Last week I listened to David Peralty give feedback to Jeff Chandler about his WordPress Weekly and WPTavern.com projects (see episode 75). David praised the community and visibility that Jeff had created through his weekly podcast and forum, in addition to his WPTavern.com site, but noted that he was aware Jeff hadn’t reached the monetization goals he hoped to achieve.
In other words, Jeff has done a tremendous job at creating a community and audience for his site and podcast, but he hasn’t found a way to make real money off his activities. If you monetize your online activities, you can then justify and devote more time to the activities to establish and grow your community.
But if you can’t make any money, it’s hard to justify spending so much time online. And if you can’t spend the necessary time online to build your community, your site or podcast won’t take off.
Although David was critiquing Jeff, I felt like he could have been equally speaking to me. I listened carefully, waiting for the key ingredient Jeff was missing. What was he not doing? What was he not seeing? How does one move from a hobby site/podcast that has a growing enthusiasm to one that makes enough money to sustain you full time?
I have a few notes, gathered from anecdotes and people I know:
- Just recently Cameron Moll, a well-known web designer whose blog is Authentic Boredom, quit his job and turned to freelance full-time. He sells posters and job listings on his site and does some freelance work, I believe.
- A basketball buddy of mine explained that, according to Jason Van Orden (who creates the Internet Business Mastery podcast), I should be making $1 per month for every follower I have with my site. Translating that, I should be pulling in more than $2,000 + every month.
- My former brother-in-law taught me that information products about making money online are more profitable than selling regular products. He’s an eBay mogul who earns thousands of dollars teaching people how to drop-ship products on eBay. The business of teaching others how to drop-ship is more profitable than actually drop-shipping.
- About a year ago Jane kept prodding me to sell some ads in my sidebar. I finally did, mostly by contacting companies separately and pitching ads, and it worked. But ad revenue doesn’t scale. I only have about 12 spaces there. (By the way, there’s an empty spot, if you’re interested.)
Lately I have been mostly resigned to the idea that “information wants to be free,” and that the real benefit of having a blog or podcast is the capitalization on the attention economy of my audience, as cool and unprofitable as it sounds.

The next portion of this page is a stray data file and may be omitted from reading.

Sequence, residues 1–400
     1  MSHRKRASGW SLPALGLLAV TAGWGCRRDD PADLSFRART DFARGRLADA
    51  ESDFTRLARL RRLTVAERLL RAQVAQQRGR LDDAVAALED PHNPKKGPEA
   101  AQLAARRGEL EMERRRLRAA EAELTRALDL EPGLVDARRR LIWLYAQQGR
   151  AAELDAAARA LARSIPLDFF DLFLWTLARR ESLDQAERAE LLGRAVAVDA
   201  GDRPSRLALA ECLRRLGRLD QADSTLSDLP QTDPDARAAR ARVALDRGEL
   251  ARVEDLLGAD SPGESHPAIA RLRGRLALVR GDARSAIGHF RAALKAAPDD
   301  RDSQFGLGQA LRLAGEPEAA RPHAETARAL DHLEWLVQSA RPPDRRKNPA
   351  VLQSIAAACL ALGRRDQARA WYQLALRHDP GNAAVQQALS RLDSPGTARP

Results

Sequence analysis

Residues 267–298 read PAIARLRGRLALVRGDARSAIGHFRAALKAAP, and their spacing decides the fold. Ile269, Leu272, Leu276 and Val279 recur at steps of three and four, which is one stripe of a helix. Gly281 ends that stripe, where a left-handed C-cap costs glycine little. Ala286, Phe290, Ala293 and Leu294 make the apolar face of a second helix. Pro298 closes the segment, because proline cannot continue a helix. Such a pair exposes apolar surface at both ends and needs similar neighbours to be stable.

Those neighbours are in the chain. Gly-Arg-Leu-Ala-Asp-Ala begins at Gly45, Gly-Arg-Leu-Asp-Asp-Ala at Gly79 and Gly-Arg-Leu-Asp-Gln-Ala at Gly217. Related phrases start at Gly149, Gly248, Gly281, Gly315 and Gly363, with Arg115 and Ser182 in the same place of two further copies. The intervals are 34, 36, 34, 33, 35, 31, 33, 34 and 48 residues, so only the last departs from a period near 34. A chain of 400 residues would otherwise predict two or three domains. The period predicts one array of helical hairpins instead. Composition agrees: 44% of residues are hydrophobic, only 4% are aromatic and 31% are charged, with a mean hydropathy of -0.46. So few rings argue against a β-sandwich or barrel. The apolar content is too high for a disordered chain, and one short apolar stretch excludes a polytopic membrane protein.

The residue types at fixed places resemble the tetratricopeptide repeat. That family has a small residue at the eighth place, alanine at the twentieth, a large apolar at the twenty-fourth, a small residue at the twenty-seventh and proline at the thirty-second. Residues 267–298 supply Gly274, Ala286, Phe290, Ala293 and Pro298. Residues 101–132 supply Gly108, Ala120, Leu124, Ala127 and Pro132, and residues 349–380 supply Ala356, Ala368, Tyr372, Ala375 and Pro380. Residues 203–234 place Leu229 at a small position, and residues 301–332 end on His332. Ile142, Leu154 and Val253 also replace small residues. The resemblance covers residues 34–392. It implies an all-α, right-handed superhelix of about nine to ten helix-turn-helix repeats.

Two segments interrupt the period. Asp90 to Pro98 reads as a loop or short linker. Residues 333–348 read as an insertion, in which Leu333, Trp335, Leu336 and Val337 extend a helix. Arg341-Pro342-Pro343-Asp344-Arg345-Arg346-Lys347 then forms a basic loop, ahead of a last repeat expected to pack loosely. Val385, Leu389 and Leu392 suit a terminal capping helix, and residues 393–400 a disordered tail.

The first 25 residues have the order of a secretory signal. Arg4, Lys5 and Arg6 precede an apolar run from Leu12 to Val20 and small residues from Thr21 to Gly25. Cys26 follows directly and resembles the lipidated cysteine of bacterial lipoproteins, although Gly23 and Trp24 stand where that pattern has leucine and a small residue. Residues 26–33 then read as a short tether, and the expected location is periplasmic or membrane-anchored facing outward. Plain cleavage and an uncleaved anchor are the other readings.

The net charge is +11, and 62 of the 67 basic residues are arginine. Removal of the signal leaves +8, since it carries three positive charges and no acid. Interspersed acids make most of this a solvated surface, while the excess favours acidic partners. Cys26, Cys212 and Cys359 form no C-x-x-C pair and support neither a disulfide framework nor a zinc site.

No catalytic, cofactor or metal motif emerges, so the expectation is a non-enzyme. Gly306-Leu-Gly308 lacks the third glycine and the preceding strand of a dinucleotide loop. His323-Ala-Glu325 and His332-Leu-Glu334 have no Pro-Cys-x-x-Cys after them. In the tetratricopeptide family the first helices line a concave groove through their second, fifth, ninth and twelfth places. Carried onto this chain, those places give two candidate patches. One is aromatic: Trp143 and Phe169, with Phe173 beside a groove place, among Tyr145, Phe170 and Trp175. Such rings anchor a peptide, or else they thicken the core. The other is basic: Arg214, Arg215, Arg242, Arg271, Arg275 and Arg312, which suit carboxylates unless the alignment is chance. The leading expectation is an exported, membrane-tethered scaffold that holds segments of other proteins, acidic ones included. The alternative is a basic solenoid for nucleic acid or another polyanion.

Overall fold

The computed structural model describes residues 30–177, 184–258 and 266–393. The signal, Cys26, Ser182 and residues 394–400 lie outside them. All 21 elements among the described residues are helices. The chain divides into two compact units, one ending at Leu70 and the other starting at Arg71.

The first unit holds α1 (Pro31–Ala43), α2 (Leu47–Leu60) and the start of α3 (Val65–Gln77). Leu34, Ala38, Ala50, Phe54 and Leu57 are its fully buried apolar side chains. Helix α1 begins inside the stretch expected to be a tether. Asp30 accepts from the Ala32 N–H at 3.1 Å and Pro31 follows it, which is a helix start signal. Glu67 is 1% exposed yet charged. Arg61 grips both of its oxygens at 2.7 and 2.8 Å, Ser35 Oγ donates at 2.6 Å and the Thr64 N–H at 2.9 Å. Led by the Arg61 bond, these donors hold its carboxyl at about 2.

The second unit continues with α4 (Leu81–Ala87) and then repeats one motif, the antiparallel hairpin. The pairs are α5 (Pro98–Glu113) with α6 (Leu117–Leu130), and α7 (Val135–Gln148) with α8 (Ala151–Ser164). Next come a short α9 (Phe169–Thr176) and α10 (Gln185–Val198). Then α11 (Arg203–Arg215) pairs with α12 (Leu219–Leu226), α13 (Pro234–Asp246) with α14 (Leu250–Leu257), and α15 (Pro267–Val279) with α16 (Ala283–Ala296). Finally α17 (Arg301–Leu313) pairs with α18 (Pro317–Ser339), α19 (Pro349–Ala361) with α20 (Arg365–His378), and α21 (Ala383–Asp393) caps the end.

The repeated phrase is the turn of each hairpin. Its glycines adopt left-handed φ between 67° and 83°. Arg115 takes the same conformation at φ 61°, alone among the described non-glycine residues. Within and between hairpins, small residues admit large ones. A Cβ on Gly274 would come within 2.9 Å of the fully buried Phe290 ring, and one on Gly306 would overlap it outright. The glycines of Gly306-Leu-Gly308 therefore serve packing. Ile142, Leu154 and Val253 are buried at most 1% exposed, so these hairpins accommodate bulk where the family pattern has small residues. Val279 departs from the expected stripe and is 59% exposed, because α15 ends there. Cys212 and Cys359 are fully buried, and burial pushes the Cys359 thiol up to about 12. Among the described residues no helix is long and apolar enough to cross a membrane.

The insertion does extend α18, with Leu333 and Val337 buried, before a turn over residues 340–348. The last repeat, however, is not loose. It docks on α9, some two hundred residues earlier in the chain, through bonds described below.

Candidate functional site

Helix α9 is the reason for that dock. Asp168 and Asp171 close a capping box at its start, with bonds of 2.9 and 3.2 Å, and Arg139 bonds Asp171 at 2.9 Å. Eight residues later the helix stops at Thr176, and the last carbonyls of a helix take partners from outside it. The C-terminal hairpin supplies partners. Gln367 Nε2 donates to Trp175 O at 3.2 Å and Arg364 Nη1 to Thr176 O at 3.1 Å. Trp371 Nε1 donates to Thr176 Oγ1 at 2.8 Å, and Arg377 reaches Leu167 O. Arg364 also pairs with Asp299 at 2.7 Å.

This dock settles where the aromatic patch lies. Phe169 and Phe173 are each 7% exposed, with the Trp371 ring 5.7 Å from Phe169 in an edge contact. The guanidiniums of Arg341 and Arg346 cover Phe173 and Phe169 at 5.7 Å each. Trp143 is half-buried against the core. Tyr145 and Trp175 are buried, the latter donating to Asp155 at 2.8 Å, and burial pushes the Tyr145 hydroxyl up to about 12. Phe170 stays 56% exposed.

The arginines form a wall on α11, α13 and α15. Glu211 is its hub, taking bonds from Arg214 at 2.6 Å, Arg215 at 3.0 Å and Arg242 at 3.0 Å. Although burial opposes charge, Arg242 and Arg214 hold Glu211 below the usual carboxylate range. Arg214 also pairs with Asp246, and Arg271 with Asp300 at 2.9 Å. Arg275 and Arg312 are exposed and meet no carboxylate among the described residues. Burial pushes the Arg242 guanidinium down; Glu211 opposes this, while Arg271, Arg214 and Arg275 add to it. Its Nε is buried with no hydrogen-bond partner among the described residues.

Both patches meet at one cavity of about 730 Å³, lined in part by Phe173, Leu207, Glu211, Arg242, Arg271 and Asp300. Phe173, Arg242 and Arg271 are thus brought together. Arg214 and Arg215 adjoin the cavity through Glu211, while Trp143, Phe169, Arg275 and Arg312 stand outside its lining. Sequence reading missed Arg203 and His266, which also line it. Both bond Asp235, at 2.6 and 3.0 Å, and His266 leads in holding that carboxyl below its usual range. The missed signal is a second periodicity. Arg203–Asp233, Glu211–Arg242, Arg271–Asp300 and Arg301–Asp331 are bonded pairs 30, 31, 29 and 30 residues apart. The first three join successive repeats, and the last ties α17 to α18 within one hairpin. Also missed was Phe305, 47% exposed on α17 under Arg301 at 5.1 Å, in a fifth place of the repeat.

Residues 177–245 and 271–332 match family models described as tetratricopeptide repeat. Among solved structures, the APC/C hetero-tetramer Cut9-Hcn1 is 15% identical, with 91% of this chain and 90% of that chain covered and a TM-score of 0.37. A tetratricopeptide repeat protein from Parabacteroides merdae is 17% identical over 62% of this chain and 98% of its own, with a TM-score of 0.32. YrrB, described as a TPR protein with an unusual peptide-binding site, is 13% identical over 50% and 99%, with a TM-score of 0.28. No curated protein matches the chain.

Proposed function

But the other day I was talking with Sean, my brother-in-law (a different one), who is an interactive programmer and runs his own company, HD Interactive. Sean manages a successful online business, so I asked him what I am missing. What is that missing element that I could adjust so that I would be profitable? Create a premium version of the podcast? An online site with video tutorials for WordPress or other software? Sponsored posts? WordPress blog design projects? T-shirts? Webinars? e-books? A forum?
As I talked with Sean, it became clear to me that no single product would provide an online revenue model of the sort I’m searching for. There is no missing ingredient. Rather, the revenue model of the Internet is the Long Tail. Of course! I should have seen it coming.
If you’re unfamiliar with the Long Tail, it’s a model by Wired Magazine’s Chris Anderson and purports that online stores such as Amazon.com make more from long-term sales of their niche products than they do by selling mainstream products. For example, the Grateful Dead Mug from 1979 that someone purchases from your online store for $5 combines with a thousand other low-selling, inexpensive niche products to surpass the income that you make from selling top-of-the-chart music CDs or other mainstream products.
The neat thing about the Long Tail is that it seems to apply to so many phenomenon online, not just revenue. There’s a long tail of participation. A long tail of travel. There’s even a Long Tail blog, where all of this is discussed. I never thought the Long Tail could apply to my attempts to make money online.
But as I spoke with Sean, I realized that the revenue stream for online activities really is the Long Tail. You won’t make your fortune selling one product or service (even though some have). Instead, it’s the combination of various revenue streams, of selling a variety of products, that combines to create an income to equal your goals.
For example, you sell a premium and paid version of a podcast, and maybe 50 people sign up for the premium version. You sell ads in your sidebar, and maybe a dozen sign up. You create a forum and offer a tiered membership, and some more sign up. You sell T-shirts, mugs, and other paraphernalia, and some more sign up. You sell video tutorials and e-books and print books, and more sign up. You present at conferences and coordinate webinars, and more sign up. You offer one-on-one tutorials and online training, and more sign up. Any of these methods alone would produce income that is weak and unsustainable, but the combination of them all accrues a revenue stream that is substantial.
Now that I think about it, this is also the strategy Jason Van Orden recommends in a podcast with a hobby geneologist (though I didn’t realize it at the time).
The Long Tail may be the model underlying a number of phenomenon on the Internet. It may also be the best answer to the conundrum of making money online from a popular blog or podcast.